The Nd dimensional lattice consists of all the space-time sites in the problem space. Lattice data are fields on these sites. A data primitive describes data on a single site. The lattice fields consist of the primitives over all sites. We do not define data types restricted to a subset of the lattice; rather, lattice fields occupy the entire lattice. The primitive types at each site are represented as the (tensor) product space of, for example, a vector space over color components with a vector space over spin components and complex valued elements.
Generically, objects transform under different spaces with a tensor product structure
Lattice Color Spin Complexity
as shown below:
Gauge fields can left-multiply fermions via color matrix times color vector but is diagonal in spin space (spin scalar times spin vector). A gamma matrix can right-multiply a propagator (spin matrix times spin matrix) but is diagonal in color space (color matrix times color scalar).
Types in the QDP interface are parameterized by a variety of types including:
There are template classes for each of the type variants listed above. The interface relies heavily on templates for composition - there is very little inheritance. The basic objects are constructed (at the user's choice) by compositions like the following:
typedef OLattice<PScalar<PColorMatrix<RComplex<float>, Nc> > > LatticeColorMatrix typedef OLattice<PSpinVector<PColorVector<RComplex<float>, Nc>, Ns> > LatticeFermion
The classes PScalar, PSpinVector, PColorMatrix, PColorVector are all subtypes of a primitive type. The relative ordering of the classes is important. It is simply a user convention that spin is used as the second index (second level of type composition) and color is the third. The ordering of types can be changed. From looking at the types one can immediately decide what operations among objects makes sense.
The linear algebra portion of the QDP API is designed to resemble the functionality that is available in the Level 1 QLA API and the C Level QDP API. Thus the datatypes and function naming conventions are similar. Predefined names for some generic lattice field datatypes are listed in the table below. Because the API is based heavily on templates, the possible types allowed is much larger than listed below.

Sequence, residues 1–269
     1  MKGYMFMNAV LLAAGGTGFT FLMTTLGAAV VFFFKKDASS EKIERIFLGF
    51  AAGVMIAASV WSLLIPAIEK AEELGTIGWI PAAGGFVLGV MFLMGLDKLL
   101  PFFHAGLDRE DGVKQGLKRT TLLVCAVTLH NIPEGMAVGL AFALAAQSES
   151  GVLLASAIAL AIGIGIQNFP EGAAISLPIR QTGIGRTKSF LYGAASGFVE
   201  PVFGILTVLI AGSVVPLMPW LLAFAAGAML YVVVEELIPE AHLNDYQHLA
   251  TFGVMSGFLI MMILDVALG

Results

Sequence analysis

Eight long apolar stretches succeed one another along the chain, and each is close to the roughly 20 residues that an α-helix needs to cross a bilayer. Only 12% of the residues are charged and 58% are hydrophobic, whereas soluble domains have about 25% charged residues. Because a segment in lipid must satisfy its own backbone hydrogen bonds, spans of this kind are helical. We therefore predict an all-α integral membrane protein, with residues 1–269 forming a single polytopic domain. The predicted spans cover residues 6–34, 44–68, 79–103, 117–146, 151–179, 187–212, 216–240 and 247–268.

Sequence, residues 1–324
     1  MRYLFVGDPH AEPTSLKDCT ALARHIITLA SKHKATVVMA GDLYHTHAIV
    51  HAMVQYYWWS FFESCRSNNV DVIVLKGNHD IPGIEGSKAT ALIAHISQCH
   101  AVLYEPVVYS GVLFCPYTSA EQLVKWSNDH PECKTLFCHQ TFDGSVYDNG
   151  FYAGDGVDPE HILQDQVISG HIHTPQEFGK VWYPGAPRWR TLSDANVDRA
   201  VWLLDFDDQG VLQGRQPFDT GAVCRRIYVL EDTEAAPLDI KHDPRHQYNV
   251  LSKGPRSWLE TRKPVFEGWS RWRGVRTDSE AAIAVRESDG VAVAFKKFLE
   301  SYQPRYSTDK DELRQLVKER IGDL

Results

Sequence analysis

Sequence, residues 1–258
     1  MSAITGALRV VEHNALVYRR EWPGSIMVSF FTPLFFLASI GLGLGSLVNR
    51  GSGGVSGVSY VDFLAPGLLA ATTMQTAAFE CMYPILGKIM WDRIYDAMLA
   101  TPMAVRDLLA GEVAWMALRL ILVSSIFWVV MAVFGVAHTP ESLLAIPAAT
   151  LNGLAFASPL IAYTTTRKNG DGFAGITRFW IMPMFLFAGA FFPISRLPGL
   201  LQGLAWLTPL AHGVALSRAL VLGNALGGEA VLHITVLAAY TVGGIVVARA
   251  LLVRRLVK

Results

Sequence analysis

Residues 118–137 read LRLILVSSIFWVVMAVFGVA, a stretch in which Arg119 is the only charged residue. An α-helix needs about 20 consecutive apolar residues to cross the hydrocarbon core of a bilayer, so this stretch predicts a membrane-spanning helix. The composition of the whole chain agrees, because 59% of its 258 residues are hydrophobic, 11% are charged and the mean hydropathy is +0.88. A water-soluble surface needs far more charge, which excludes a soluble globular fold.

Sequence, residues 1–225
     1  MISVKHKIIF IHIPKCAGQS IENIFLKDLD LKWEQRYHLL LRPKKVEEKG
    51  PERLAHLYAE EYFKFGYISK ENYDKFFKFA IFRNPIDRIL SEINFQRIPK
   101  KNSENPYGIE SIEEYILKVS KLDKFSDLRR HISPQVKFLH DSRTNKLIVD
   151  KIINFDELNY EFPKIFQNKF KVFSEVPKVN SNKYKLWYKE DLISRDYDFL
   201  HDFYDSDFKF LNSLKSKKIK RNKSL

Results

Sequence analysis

Single site (lattice wide constant fields) versions of types exist without the
Lattice preprended. All types and operations defined for QDP live within a C++ namespace called QDP, thus ensuring no type conflicts with other namespaces.
According to the chosen color and precision, names for specific floating point types are constructed from names for generic types. Thus QDP::LatticeColorMatrix becomes LatticeColorMatrixPC, where the precision P is D or F according to the table below,
and C is 2, 3, or some arbitrary N, if color is a consideration. Note, the value of N is an arbitrary compile time constant.
If the datatype carries no color, the color label is omitted. Also, if the number of color components is the same as the compile time constant, then the color label can be omitted. Integers also have no precision label. The specification of precision and number of colors is not needed for functions because of overloading.
For example, the type QDP::LatticeDiracFermionF3 describes a lattice quantity of single-precision four-spin, three-color spinor field.
The only place that the number of color or spin components occur is through instance of the global constant variables QDP::Nc and QDP::Ns. These are only directly used in the typedef constructions of user defined types. Nothing restricts a user from constructing types for other number of colors. In fact, the use of QDP::Nc in the construction of user defined types is simply a convenience for the user, and as such a user can use any integer that is reasonable. The API merely requires that the types used in operations are conforming.
However, in standard coding practice it is assumed that a user keeps one of the precision, color, and spin options in force throughout the compilation. So as a rule all functions in the interface take operands of the same precision, color, and number of spin components. As with data type names, function names come in generic color-, spin- and precision-specific forms, as described in the next section. Exceptions to this rule are functions that explicitly convert from double to single precision and vice versa. If the user choose to adopt color and precision uniformity, then all variables can be defined with generic types and all functions accessed through generic names. The prevailing color Nc is defined through the compile time constant QDP::Nc. The interface automatically translates data type names and function names to the appropriate specific type names through typedefs. With such a scheme and careful coding, changing only the compile time Nc and the QDP library converts code from one color and precision choice to another.
It is permissible for a user to mix precision and color choices. This is done by declaring variables with specific type names, using functions with specific names, and making appropriate precision conversions when needed.